One of the most important justifications for public social security programs is presumably imperfect insurance markets. What we have in mind is non-marketability of human capital and also potential limitations in many individuals’ access to the stock market. This paper analyzes how such imperfections influence the optimal design of a social security system. Capturing that a pay-as-you-go (paygo) system may be interpreted as a “quasi-asset” (Merton, 1983; Persson, 2002), we derive the optimal size of the paygo program as well as the optimal split between funded and unfunded pension saving by means of a portfolio choice approach. The main bulk of the recent large literature on social security reforms takes as its point of departure that aging populations weaken the financial viability of social security systems, which mainly are financed on a paygo basis.1 It is well known that the implicit return of the paygo system is given by the growth of aggregate wage income, reflecting the combined effect of productivity- and labor supply growth. This implicit return is lower than the real interest rate in a dynamically efficient economy. Deterministic models therefore predict that a funded program is superior to a paygo program in steady-state, reflecting that a paygo program redistributes resources to the initial old generation from all future generations. Not surprisingly, projections of deteriorating dependency ratios have led many economies to attempt to derive a politically feasible and maybe even Pareto-optimal transition from a paygo program to a (partly) funded program.2 The conclusion that a funded program is superior to a paygo program in steady state is not always valid, however, when we take into account that returns on both paygo and funded systems are stochastic. In a stochastic framework, a lower expected rate of return on the paygo system does not necessarily imply that it is an inferior alternative. A low-yielding paygo system can benefit individuals if it contributes to hedge other risks to their lifetime resources. This reflects the basic idea that the paygo asset is not spanned by other assets due to an imperfect correlation between stock returns and the growth of aggregate wage income. Thus, the paygo system is a government created asset that allows one generation to trade in the human capital returns of the next. This paper considers three sources of risk to net individual income: (i) Wage income risk – reflecting technology shocks, (ii) fluctuations in the size of the population, which influence the aggregate labor supply, and (iii) a stochastic return on stock market investments. Employing a simple theoretical overlapping generations model, we characterize the optimal social security system under various assumptions about individuals’ participation in the stock market. The paper focuses exclusively on risk sharing issues in an overlapping generations framework with one representative individual within each generation. We disregard intragenerational redistribution and assume that labor supply is exogenous.3 It turns out that our analysis is sensitive to the definition of the relevant risk concept. Below we will consider what we define as respectively “traditional” and “Rawlsian” risk sharing. This paper adds to the fairly small literature on the design of social security systems under uncertainty. The idea that a paygo system can be considered as an asset, has recently been explicitly highlighted by Persson (2002) and Dutta et al. (2000). Persson provides a brief and verbal discussion of this idea and presents a numerical illustration based on Swedish data, which indicates that the paygo system may indeed hedge parts of the risk on a portfolio of stocks and/or bonds. Persson does not offer any formal analysis, however. Dutta et al., on the other hand, present a formalized analysis based on a portfolio choice approach. Their static mean–variance set-up abstracts from several important aspects of public social security systems, however. There is no explicit modeling of how the paygo system transfers resources between generations, and they do not capture how individuals’ own saving or portfolio decisions are influenced by the public decisions on the design of the social security program. We also note that Dutta et al. do not consider different risk sharing concepts (their analysis seems consistent with what we have defined as traditional risk sharing). Moreover, we argue below that mean–variance preferences in combination with a proper dynamic overlapping generations setting will imply that the derived optimal social security program is time-inconsistent. The general insight that a mixed paygo and funded system may be optimal due to diversification dates back to Merton (1983). Merton characterizes optimal tax-transfer programs within a theoretical general equilibrium model. While our approach is to consider the three stochastic variables (wages, stock market returns and population growth rates) as exogenous to the model, Merton explicitly models the interdependencies between these variables. In particular, the capital market returns are determined by the stochastic variables productivity, factor-shares and population growth. At the outset, Merton's approach seems beneficial from a theoretical point of view. We will still follow Hassler and Lindbeck (1997) and argue that this is likely to put overly strong restrictions on the relationship between these variables. Below we will present some empirical observations which indicate that the correlation between stock market returns and respectively economic growth and aggregate wage income is lower than suggested by most general equilibrium models in many countries.4 We also note that Merton does not address the distinction between various risk concepts. A recent line of research with links to Merton (1983) studies the risk sharing effects of social security in general equilibrium models, see for example Storesletten et al. (1999), Barbie et al. (2000), Bohn (2001) and Krueger and Kubler (2002). On the one hand these models do not allow any derivation of explicit expressions for optimal individual portfolio shares or optimal investments in paygo and funded social security. On the other hand, they provide a richer set-up that may include relevant additional features not captured by the model framework of this paper. In particular, a general equilibrium framework captures that an introduction of a paygo system has adverse effects on the real capital stock, which in turn contributes to lower wages and higher interest rates. According to numerical simulations performed by the calibrated models of Storesletten et al. and Krueger and Kubler, the welfare gains caused by increased risk sharing may be dominated by the crowding out effect of paygo social security on capital. In Section 6 below we discuss how the conclusions and policy messages of this paper are sensitive to the apparent trade-off between risk sharing and capital accumulation. This paper is also related to studies of how a paygo program may contribute to intergenerational sharing of income-risk; see for example Gordon and Varian (1988), Enders and Lapan 1982 and Enders and Lapan 1993, Thøgersen (1998) and Wagener (2003). With an exception of Wagener's contribution, these papers assume only one source of risk and they do not consider a split between funded and paygo programs. We will argue below that the main insight from these papers, namely that a paygo program leads to increased intergenerational income-risk sharing, hinges on specific stochastic properties of the income (or output) path over time. Wagener does capture both stochastic wage growth and stochastic interest rates. Comparing paygo systems with respectively fixed contribution rates and fixed replacement rates along similar lines as Thøgersen (1998), his focus is quite different from this paper, however. The next section presents our theoretical model framework and defines the risk concepts. 3 and 4 study the optimal design of social security systems in the cases of respectively traditional and Rawlsian risk sharing. We derive the optimal size of the paygo program as well as the optimal split between funded and unfunded pension saving. Intuitively, a lower correlation between stock market returns and the growth of aggregate wage income increases the size of the optimal paygo program. We demonstrate that the case of traditional risk sharing implies a larger paygo program than in the case of Rawlsian risk sharing under reasonable assumptions about the coefficient of relative risk aversion. Section 5 provides some numerical illustrations based on data for Sweden, Norway, the US and the UK. Our calculations suggest a role for paygo-systems in the three latter countries – but not in Sweden. Taking limited stock market participation into account, a mixed paygo/funded system is optimal for Norway, the US and the UK, while a fully funded system is optimal in Sweden. Finally, we discuss transition issues and offer some concluding remarks in Section 6.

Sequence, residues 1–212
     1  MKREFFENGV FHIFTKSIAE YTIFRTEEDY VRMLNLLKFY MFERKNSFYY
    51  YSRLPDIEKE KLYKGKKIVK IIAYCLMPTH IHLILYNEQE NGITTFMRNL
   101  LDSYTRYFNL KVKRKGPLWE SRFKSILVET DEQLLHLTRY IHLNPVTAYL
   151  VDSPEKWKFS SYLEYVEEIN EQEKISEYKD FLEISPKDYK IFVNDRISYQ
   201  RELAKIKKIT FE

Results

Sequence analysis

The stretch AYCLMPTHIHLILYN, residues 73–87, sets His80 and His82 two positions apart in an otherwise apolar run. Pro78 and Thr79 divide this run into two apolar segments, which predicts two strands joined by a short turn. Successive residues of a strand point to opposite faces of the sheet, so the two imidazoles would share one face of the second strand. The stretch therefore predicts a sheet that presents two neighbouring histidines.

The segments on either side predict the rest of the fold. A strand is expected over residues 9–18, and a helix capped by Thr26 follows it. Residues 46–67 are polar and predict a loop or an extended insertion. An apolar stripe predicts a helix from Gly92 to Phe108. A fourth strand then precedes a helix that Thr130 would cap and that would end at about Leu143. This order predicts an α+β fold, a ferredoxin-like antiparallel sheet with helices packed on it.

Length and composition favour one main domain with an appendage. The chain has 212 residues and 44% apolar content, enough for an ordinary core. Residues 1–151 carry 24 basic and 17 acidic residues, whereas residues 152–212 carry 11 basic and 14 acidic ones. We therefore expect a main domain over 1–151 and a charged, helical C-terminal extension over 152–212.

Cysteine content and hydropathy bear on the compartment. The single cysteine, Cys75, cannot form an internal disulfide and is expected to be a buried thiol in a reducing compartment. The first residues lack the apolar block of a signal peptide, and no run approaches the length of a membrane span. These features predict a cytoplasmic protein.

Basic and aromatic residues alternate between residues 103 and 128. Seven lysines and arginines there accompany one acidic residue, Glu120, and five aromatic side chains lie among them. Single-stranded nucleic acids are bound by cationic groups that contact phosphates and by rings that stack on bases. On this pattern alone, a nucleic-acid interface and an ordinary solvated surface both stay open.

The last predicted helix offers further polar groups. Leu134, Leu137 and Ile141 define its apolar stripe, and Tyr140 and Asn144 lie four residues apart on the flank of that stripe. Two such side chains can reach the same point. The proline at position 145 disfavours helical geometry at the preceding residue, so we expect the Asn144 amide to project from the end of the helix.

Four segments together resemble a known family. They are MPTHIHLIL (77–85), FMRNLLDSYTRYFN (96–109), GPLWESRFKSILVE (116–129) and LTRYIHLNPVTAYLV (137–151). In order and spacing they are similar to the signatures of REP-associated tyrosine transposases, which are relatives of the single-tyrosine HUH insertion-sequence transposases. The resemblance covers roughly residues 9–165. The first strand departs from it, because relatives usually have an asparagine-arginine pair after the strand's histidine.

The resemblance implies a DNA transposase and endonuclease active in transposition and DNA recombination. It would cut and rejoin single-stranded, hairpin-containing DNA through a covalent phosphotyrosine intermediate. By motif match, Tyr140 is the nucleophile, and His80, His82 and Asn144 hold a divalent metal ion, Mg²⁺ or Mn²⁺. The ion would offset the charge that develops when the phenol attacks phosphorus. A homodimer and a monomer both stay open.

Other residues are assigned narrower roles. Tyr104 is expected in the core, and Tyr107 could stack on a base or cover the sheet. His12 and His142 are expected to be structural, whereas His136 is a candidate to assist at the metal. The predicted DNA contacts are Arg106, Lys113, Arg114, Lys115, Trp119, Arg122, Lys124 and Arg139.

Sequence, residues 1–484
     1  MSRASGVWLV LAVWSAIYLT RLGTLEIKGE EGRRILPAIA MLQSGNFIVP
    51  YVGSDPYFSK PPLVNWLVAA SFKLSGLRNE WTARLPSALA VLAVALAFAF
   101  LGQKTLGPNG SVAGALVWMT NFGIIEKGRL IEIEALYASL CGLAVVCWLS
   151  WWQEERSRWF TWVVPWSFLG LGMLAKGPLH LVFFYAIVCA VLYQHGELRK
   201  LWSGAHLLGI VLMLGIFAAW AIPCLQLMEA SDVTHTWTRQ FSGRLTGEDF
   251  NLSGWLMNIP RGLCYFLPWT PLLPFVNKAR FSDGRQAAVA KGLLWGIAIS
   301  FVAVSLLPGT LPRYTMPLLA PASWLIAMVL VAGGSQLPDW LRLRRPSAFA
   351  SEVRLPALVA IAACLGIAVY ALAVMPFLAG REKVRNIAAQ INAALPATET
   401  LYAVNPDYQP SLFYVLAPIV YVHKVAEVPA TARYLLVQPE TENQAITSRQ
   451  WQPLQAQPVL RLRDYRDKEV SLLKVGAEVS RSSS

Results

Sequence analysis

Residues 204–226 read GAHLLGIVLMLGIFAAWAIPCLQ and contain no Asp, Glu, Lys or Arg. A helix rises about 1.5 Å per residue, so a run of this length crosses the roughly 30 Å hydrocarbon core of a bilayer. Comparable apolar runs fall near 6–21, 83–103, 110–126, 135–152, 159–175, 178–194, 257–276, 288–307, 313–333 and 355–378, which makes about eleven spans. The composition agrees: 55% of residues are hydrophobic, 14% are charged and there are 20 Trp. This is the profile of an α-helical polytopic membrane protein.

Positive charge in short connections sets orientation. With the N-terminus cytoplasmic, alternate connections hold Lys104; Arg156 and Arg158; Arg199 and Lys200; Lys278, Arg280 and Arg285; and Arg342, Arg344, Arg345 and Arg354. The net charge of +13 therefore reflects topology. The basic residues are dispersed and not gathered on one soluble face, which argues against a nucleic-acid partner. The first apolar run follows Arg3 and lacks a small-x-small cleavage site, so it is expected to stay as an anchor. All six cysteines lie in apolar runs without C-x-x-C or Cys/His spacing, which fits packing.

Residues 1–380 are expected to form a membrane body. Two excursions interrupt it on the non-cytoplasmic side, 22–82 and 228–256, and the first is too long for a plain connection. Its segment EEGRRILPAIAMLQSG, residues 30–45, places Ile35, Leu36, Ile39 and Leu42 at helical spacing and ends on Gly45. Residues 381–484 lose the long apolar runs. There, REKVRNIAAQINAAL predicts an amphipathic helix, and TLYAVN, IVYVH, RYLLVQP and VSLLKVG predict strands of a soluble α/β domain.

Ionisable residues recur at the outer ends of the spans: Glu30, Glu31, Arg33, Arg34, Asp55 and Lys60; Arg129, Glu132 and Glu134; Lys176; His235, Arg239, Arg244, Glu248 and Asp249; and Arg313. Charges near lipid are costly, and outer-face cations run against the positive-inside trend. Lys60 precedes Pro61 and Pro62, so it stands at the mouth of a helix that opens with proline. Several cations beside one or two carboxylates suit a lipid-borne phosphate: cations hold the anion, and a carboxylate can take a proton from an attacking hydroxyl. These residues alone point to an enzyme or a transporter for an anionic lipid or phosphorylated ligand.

نتیجه گیری انگلیسی
During the recent years a large part of the literature on social security systems has dealt with comparisons between funded and paygo program as well as the design of potential transitions from paygo financing to funded systems. Adopting a portfolio choice approach, this paper has provided a different perspective on the design of social security systems. Interpreting the paygo system as a “quasi-asset” along the lines of Merton (1983) and Persson (2000), the analysis has focused on the optimal size of the paygo system and the optimal split between the paygo part of pension savings and the funded part. The optimal exposure to the stock market can – from a representative individual's point of view – be handled individually if access to the stock market is perfect, or by the government if this access is imperfect. The general insight from our analysis is that a low-yielding paygo system can benefit the representative individuals if the correlation between the implicit return on the paygo program and the stock market returns is not too high. We have derived analytical formulas for the optimal size of the paygo system and the optimal magnitude of the funded pension saving in the stock market. The optimal size of the paygo program depends on the risk concept. It turns out that the optimal paygo system is smaller under “Rawlsian risk sharing” (which captures all risks to the net lifetime income of the representative individual at birth) than under “traditional risk sharing” (which capture only risks which are realized in the representative individual's second period of life). This reflects that the paygo system increases the exposure to wage income risk when wage income shocks are not transitory. We provide numerical illustrations for Sweden, Norway, the US and the UK. Adopting the traditional risk sharing concept, our calculations indicate that the paygo-asset should play a role in pension savings in the three latter countries but not in Sweden. The Rawlsian risk sharing concept reduces the scope for a paygo program in the sense that it ceases to be an interesting alternative in the US (as in Sweden) and the optimal magnitude is reduced in the remaining two countries. These conclusions are sensitive to the stochastic properties of respectively stock market and paygo returns – and the specified degree of risk aversion. With limited stock market participation, our calculations suggest that a mixed paygo/funded system is optimal (except in Sweden where the optimal system should be fully funded). Our analysis has not captured the transition to the new pension system. While an explicit modeling of such a transition combined with the portfolio set-up in the present paper is an ambitious task that calls for additional research, we will still highlight some insights. We first note that the transition issue is not problematic if the economy initially is characterized by either (i) no pension system at all, (ii) a fully funded system or (iii) a paygo system that is smaller than the paygo part of the new system. In these cases the transition generation (i.e. the old generation at the time of enactment of the program) obviously gains because it receives an unexpected paygo transfer from the next generation. Thus, the introduction of the new system will be Pareto-improving. The transition issue is crucial if the initial pension system has a larger paygo component than the new system, however. In such a case comparisons of the steady-state welfare properties of alternative pension programs cannot be the sole basis for policy recommendations because the welfare loss of the transition generation (i.e. the double taxation of the initial young generation in this case) is not captured. Recalling that the actual social security reform agenda in several OECD countries involves attempts to introduce funded parts in systems that have been entirely paygo financed at the outset, we will still claim that our analysis in an indirect sense has bearings on the transition issue. To a large extent this reform agenda is motivated by the basic insight from deterministic models that the return on funded programs is higher than the implicit return on paygo programs. In such a context deviations from a fully funded new program can be regarded as the consequence of restrictions caused by the transition issue – or equivalently lack of public financial resources to compensate the transition generations. Our analysis highlights that a maintenance of parts of the paygo system should not necessarily be regarded as an unhappy consequence of weak public finances – but as a part of a potentially optimal pension system. Loosely speaking, the insight that a paygo scheme improves risk diversification implies that the transition costs identified by deterministic analyses are mitigated. Finally, we will return to a shortcoming of our analysis that was briefly mentioned in the introduction. Our partial equilibrium approach does not capture the effects of social security on real capital accumulation and factor prices. This is fine as long as we imagine a small open economy, but obviously harder to accept in the case of a closed (or large) economy. As pointed out by Storesletten et al. (1999) and Krueger and Kubler (2002), we might suspect that the welfare gains due to the risk sharing effects of paygo social security might be offset by the adverse effects on capital accumulation. This trade-off is obviously crucial if we consider a closed economy that initially has no (or a small) paygo system. As argued above the most relevant case is an economy with a large paygo system at the outset, however. Then the magnitude of the paygo system that yields optimal risk diversification is hardly much larger than the initial system – and it might well be smaller. Consequently, the “new” system will imply small adverse effects on the real capital stock or, alternatively, even an increase in the capital stock.